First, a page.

By John Parnell
The Green Climate Fund (GCF) remains on course to launch in 2014 following progress at its most recent board meeting in South Korea.
The board appointed the GCF’s first executive director and agreed rules for the Private Sector Facility (PSF), which will dictate how commercial organisations interact with the fund.
The GCF was created with the ambition that it would become the principal financial resource to help nations cut carbon and protect themselves against the impact of climate change.
Its launch and the subsequent donations by rich governments are considered vital to ensure trust at the UN climate talks as they continue work on the 2015 global treaty.
Hela Cheikhrouhou, director of energy, environment and climate change at the African Development Bank (AfDB) was announced as the first head of the Fund’s secretariat.
“Together we can make the Fund a central contributor to the global financing of developing countries’ response to climate change, with particular attention to the most vulnerable,” said Cheikhrouhou.
The GCF has been set the target to mobilise $100bn a year by 2020. Recent progress could now see it up and running next year as it chases down that target.
“It’s beginning to get toward an operationalization, which I think is good progress. 2014 could be a good deadline,” Miles Austin, executive director of the Climate Markets and Investment Association (CMIA) told RTCC at the conclusion of last week’s meeting.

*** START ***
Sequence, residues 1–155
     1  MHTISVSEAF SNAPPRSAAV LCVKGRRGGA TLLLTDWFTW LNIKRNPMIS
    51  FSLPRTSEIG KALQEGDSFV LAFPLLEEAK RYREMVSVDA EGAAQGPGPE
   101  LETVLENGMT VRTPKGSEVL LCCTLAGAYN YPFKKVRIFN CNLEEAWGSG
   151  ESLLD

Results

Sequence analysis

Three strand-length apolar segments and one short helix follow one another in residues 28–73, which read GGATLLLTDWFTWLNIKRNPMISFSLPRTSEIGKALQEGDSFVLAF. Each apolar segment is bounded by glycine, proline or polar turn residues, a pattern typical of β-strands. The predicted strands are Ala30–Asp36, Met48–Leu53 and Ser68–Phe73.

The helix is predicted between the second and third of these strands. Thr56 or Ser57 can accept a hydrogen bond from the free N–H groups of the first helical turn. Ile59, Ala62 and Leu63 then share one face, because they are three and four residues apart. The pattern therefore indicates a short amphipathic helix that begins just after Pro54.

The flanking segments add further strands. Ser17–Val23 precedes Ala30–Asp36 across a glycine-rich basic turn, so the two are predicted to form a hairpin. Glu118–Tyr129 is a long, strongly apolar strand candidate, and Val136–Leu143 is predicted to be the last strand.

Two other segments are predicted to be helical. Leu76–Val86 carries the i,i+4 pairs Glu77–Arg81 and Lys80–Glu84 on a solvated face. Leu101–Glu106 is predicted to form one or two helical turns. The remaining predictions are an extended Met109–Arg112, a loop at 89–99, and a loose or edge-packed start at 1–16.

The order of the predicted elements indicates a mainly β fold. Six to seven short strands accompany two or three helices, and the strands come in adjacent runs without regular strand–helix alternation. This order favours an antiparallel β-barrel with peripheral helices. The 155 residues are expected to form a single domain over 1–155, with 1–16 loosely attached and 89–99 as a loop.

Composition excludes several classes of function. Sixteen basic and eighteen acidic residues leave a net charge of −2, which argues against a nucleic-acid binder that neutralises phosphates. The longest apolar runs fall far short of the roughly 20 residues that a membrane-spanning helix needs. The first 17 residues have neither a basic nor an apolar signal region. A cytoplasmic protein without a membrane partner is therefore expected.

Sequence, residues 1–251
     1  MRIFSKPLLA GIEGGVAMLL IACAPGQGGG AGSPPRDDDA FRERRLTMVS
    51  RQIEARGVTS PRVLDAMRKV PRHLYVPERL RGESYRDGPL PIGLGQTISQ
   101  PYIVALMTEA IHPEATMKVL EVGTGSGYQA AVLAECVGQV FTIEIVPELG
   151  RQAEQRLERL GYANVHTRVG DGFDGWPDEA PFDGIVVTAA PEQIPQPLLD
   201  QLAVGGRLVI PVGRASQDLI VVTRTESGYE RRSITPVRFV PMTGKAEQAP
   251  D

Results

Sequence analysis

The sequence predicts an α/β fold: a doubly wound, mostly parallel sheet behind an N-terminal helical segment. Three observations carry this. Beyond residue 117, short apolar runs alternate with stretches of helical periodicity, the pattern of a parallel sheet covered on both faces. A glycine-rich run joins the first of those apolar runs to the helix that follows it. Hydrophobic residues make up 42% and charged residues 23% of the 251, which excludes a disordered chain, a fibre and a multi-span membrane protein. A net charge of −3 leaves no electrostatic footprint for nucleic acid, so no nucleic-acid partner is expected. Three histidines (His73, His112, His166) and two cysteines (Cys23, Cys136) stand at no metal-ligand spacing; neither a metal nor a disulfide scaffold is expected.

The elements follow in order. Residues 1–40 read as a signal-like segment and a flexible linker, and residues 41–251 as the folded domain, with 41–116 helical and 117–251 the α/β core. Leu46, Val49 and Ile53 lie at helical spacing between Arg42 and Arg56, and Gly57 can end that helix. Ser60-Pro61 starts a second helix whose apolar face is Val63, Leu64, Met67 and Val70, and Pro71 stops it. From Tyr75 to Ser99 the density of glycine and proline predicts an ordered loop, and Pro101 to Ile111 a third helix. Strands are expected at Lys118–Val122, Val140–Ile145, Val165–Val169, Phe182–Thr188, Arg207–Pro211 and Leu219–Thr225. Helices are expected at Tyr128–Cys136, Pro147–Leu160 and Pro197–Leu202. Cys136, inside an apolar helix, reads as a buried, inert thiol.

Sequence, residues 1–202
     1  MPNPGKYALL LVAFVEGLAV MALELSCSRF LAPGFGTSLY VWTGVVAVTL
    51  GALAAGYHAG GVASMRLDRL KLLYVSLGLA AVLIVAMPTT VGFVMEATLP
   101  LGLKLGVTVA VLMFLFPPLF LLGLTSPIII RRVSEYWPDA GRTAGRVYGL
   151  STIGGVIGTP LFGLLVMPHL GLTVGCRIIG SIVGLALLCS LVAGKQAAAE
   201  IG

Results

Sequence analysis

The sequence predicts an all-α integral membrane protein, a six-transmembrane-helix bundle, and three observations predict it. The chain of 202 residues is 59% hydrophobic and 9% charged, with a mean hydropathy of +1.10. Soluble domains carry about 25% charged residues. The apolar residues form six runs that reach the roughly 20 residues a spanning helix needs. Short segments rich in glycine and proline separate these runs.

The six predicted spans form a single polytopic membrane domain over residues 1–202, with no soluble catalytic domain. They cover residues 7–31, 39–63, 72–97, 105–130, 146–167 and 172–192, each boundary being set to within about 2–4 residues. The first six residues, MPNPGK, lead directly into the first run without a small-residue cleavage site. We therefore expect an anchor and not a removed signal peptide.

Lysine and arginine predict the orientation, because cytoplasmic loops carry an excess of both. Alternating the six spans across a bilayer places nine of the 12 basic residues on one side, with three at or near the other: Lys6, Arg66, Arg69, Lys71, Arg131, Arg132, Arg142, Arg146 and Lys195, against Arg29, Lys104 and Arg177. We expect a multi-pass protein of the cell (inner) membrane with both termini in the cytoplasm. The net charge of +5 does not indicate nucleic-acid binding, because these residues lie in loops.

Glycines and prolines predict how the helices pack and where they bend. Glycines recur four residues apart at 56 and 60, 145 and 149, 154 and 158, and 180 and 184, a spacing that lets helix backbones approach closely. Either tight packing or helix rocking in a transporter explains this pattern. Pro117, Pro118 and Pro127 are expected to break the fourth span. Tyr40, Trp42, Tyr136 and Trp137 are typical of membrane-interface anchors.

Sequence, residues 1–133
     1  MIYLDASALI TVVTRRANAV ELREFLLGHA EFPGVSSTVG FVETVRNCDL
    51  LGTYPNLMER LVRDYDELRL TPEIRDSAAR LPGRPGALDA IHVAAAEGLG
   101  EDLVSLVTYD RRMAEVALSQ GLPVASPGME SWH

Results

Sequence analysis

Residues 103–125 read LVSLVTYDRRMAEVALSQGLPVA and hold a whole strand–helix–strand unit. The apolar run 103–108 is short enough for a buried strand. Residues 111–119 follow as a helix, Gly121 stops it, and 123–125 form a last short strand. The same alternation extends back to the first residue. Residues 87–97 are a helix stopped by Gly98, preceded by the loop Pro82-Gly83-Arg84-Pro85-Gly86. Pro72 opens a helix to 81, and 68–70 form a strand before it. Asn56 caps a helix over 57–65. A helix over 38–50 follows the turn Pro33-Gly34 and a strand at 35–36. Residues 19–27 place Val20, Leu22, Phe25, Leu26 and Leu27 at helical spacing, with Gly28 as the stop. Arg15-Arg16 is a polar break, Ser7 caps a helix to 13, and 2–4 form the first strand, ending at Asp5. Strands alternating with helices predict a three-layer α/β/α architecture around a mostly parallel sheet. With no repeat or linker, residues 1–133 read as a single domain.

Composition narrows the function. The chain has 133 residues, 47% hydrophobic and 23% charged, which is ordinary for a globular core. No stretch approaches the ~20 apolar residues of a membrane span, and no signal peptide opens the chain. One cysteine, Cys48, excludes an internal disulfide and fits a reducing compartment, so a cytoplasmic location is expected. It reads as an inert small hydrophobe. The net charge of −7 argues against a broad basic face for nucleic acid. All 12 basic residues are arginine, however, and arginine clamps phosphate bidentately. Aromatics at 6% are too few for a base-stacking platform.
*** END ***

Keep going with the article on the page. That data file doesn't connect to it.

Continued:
The CMIA serves as one of the private sector observers.
“There a few new board members joining at the next meeting so we’ll have to see how the new dynamic works but there is every reason to be optimistic. The board has tackled some hard problems and the two co-chairs have done a good job of getting everyone to work together,” said Austin citing the GCF as an example where the UN process has worked well.
Despite making good progress in working through its agenda, the meeting failed to ease fears over the transparency of the GCF.
Observers had previously been unable to sit in on meetings of the board. Although two civil society representatives are now allowed into the meetings, their opportunities to contribute have been limited so far.
“First we weren’t allowed in the room and now that we are, we aren’t allowed to talk,” said Karen Orenstein, Friends of the Earth US.
Beyond concerns with opening up the process with live webcasting and more access to the official documents being negotiated, Orenstein greater worry is involvement of the private sector.
While Austin explains that private money could triple or even quadruple the contributions from governments, Orenstein is worried that dubious investments by the US could dominate.
In one example, the US Government’s Overseas Private Investment Corporation (OPIC) provided $70m in loans and insurance for an American company to install combined heat and power (CHP) equipment on the Nigerian premises of another US company, Coca-Cola. The money was counted towards the US climate finance contribution despite it directly benefitting two US companies.
“We have to ask how [the GCF] is going to reach those people that the private sector can’t or won’t reach,” Orenstein told RTCC.
Despite wording built into the PSF rules to ensure there is funding for adaptation projects, longstanding worries remain that it will be of secondary interest to investors who have a clearer route to profits from projects that reduce emissions.
VIDEO: New boss of the GCF talks to RTCC at Rio+20